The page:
It’s easy to create images with natural lighting and I can see why many photographers use this kind of lighting in photos.
However, there is a whole new world when you start exploring lighting further. You can create such different moods in your photographs just by adding one or two lights in your setup.
This 2 light setup is good for anyone working in a small studio with minimal modifiers — it uses a basic dome aimed at the subject to create the color light you see in the final image and a snoot as the backlight.
I’ve been a photographer for over a decade and this specific project started in 2019. And I as well, started with only a speedlite and natural light.
It was convenient and quick – since then I’ve worked on my impatience and understood that with lighting you can create a specific style for your work. Something that can distinguish you from themes or photographers who have a similar style than you.
The basics of lighting your subject starts with one light and the possibilities you can introduce to your images.
This image we created was done with 2 lights. Always have an idea of what you want and know how it can be created. You should always have inspirational images to create the right kind of photography lighting, something to start your planning with.
Try to find interesting lighting in photos and re-create it with your own subjects. Having too many ideas at once will have you spreading thin to all directions and not really focusing on one aspect and perfecting that.
The 2-light setup
The plan was to only light the head of the subject, but then the key light was overflowing into the background and created a glow behind her. This was done by moving the point of the key light source to be directed more in the back wall.
- 2 Studio Lights
- 1 Snoot head
- 1 Dome with a colored gel
Here you can see the 2 light sources: One light was directed the the back of the subject as a backlight to illuminate the back of the head.
The second light was directed at her in 45° angle. This studio lighting setup is easy to create and can be versatile depending if you’re using color gels or not. In the beginning of my photography journey I actually built a snoot from cardboard and straws (to better diffuse the light) and it worked perfectly.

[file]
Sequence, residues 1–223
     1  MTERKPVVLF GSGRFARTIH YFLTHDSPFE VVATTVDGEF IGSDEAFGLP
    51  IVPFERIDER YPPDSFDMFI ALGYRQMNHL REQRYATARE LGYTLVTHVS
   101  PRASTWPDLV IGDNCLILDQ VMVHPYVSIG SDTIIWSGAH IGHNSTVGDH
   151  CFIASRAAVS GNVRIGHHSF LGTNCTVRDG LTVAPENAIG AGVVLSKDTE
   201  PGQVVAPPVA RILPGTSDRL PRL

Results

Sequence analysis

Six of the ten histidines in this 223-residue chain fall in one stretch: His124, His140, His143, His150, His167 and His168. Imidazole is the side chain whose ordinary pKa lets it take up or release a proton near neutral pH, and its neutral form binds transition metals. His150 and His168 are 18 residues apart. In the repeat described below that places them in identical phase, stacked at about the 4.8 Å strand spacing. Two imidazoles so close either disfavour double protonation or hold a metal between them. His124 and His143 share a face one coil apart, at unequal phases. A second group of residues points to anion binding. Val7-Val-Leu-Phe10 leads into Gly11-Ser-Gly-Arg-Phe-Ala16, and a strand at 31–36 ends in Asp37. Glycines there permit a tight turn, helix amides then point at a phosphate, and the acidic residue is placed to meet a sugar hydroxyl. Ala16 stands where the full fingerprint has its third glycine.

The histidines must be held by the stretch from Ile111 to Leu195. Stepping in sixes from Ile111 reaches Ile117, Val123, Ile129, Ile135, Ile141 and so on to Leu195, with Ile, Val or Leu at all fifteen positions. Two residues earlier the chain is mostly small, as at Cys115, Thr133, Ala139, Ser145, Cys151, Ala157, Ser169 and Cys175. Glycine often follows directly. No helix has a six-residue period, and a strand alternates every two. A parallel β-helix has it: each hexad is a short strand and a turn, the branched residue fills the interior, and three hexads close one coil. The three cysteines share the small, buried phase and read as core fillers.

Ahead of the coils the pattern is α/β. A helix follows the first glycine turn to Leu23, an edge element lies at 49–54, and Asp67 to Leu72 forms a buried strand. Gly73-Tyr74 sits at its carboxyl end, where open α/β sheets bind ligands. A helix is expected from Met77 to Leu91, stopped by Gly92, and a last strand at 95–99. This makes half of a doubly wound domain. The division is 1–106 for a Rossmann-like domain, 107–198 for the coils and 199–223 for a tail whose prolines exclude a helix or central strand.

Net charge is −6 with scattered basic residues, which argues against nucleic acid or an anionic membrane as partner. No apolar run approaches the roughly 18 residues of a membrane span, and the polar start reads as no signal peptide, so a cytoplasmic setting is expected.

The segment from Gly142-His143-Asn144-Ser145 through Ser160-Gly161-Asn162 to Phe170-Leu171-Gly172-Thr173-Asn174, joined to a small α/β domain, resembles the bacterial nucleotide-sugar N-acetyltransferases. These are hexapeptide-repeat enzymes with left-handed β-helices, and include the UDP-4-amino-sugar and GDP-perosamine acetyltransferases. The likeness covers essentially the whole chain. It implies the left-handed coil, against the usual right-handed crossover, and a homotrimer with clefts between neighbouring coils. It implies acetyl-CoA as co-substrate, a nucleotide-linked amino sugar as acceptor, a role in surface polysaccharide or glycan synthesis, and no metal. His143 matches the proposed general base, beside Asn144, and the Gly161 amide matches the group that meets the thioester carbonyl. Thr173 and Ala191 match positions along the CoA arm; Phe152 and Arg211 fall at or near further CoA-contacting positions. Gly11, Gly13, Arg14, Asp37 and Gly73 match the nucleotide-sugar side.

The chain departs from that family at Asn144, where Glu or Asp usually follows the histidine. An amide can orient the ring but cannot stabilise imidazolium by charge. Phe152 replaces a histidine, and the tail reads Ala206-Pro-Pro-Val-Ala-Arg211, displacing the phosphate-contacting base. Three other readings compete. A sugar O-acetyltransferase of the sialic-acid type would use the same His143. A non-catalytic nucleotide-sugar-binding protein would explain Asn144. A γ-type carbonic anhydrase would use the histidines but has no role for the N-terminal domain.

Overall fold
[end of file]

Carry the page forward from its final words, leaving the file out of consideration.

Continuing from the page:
Another benefit of this setup is that depending on how you balance your lights, you can use them to achieve different moods.
Photography lighting with different colors
Adding color gels on top of your lights can bring in warmth or coolness and add theatrical feel to your images.
This is the lighting setup used in the images: The key light (on the left) has more power than the backlight – this is because you do not want to have the backlight overexposing the backside of your subject. Unless you actually do !
We used a red gel instead of the green one, and the light was facing her straight from the front. You can see how nicely the background just disappears and the only lighted area is her head.
I made sure there was no light flowing out on the sides so it would not accidentally overflow into the background.
By utilizing the key light and one light modifiers, we were able to compose a beautiful picture that balances perfectly between highlights and shadows.
These examples use very basic modifiers, while other lighting setups use more specialist equipment. Whatever equipment you have, think about the physics of light and how you can make what you do have work for you.
Here the front lighting source has been moved just a tiny bit to face the background area more, and you can see how the colored light flows onto the wall illuminating her and creating this halo effect to the torso.
If you do not have access to studio lights, many modifiers nowadays are available with speedlite adapters – this means you can get creative results with the most basic of equipment.
If you’re looking to find more professional lighting set to create images with, I’ve listed the best portable lighting kits here.
Having the right equipment is one thing, but knowing how to use it is another. To get the very best results, you have to understand the physics of light and how light can impact your image.
With using simple lighting in photos you can create amazing results.
If you enjoyed this article, you will like